Your employer would be required to spend from 1% to 6.5% of payroll (depending on the size of the payroll) to buy insurance policies for employees. Employees would be required to take the insurance and to pay whatever supplemental premiums, co-pays and out of pocket costs are not paid by the employer. There are no caps on what the employee would pay, only for the employer. There is a vague term about hardship letting people out of the mandate, but no definition is offered and, as in Massachusetts, if you are excused from the mandatory purchase of insurance, you simply have no insurance!
If your employer does not wish to spend 1% to 6.5% of payroll on your insurance, he or she must pay the same amount into a state fund, and employees of those employers will be required to buy their insurance through the state fund, again with no cap on premiums and no floor on coverage.
Is there at least minimum coverage required in the bill?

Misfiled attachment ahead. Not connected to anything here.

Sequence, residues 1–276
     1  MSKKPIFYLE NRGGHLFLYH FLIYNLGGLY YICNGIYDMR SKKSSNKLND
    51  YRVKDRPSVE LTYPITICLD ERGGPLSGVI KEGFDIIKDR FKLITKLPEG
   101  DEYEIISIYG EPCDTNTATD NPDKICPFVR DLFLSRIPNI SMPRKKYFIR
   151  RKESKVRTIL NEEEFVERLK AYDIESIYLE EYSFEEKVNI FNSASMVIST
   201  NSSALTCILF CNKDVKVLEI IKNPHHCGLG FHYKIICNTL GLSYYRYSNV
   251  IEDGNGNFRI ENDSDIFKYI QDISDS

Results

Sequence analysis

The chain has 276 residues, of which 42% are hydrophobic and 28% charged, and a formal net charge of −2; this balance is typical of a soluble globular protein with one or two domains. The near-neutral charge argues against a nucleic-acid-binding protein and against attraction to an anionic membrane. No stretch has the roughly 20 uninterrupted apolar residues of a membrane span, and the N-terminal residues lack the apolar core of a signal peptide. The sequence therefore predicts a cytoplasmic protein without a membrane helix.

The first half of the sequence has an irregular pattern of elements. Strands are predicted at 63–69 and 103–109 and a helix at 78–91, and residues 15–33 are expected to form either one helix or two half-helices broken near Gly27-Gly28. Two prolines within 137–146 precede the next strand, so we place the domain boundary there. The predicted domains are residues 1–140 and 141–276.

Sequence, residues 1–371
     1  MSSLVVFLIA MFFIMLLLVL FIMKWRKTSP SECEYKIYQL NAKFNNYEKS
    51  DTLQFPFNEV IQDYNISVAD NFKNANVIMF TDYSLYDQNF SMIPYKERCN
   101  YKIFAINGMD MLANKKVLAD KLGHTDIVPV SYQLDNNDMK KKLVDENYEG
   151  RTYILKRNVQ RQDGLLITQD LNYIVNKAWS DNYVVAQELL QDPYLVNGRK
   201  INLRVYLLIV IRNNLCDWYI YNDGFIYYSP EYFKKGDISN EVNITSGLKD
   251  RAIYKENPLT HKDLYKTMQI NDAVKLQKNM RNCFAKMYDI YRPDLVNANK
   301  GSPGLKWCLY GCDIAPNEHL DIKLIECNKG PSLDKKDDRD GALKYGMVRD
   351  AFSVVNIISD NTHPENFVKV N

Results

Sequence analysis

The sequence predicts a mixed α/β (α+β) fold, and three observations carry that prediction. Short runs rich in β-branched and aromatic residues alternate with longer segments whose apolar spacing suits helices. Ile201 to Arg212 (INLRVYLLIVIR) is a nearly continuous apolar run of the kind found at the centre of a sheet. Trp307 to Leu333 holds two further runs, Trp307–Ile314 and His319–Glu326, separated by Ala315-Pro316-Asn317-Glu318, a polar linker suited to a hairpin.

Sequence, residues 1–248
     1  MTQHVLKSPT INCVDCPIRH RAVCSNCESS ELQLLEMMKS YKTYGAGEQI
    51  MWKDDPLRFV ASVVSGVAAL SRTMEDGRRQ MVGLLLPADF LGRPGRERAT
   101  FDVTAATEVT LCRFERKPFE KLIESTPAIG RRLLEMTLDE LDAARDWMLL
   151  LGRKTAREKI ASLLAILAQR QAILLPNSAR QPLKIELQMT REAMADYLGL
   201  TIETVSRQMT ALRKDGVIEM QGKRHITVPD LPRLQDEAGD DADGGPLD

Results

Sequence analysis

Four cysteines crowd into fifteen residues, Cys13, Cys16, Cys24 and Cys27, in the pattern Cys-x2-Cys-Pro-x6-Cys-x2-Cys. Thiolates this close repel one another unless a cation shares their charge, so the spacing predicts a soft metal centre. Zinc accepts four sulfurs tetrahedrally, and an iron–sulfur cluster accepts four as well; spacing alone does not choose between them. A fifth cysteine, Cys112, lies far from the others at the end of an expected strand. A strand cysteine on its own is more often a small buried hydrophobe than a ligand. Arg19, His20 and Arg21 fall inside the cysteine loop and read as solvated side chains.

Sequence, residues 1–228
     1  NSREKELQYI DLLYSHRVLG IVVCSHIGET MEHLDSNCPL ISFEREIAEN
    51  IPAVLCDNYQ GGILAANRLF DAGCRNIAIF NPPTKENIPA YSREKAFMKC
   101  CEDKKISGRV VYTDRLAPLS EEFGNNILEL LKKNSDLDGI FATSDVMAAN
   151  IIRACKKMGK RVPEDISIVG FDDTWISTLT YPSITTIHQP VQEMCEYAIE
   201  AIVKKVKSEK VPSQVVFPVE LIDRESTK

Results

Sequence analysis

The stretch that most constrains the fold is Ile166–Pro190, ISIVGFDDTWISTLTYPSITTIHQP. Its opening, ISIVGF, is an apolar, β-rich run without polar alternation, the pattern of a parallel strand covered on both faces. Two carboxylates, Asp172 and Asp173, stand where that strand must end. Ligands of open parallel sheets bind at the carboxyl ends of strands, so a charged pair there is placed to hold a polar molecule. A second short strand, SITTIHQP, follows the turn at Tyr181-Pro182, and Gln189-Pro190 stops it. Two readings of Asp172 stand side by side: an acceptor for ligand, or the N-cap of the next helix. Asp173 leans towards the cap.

No. For the State Fund, for those employers who choose to pay into it, the Managed Risk Medical Insurance Board will set the minimum coverage (what you get for your premiums, what conditions, services, treatments, are covered by your insurance), which will not appear in statute. For those who buy insurance on the open, private market, and those whose employers pay total or partial premiums for insurance chosen by the employer, as well as for self-employed folks, there is no minimum coverage in the bill. One woman reported to me that she had a bare-bones, catastrophic policy and, upon being rushed to the hospital, received the bill for the ambulance ride that got her there, placed on her chest, as she was carried into the hospital.
How is the bill to be financed?
There is no funding in the bill. Instead, there is the promise of an initiative, no language available yet, to tax cigarettes at an additional $1, $1.50 or $2 a pack, tax hospitals in order to draw down federal money which would then go back, to a great extent, to the public hospitals, and require employers to pay a portion of their employees' premiums, as indicated above. There is also a hope that the federal government will provide more money for children's insurance. Instead, of course, the federal government is cutting children's insurance such that the California Legislature will meet in emergency session in January to disenroll children from Healthy Families. Everything else would be paid for by premiums, co-pays and deductibles.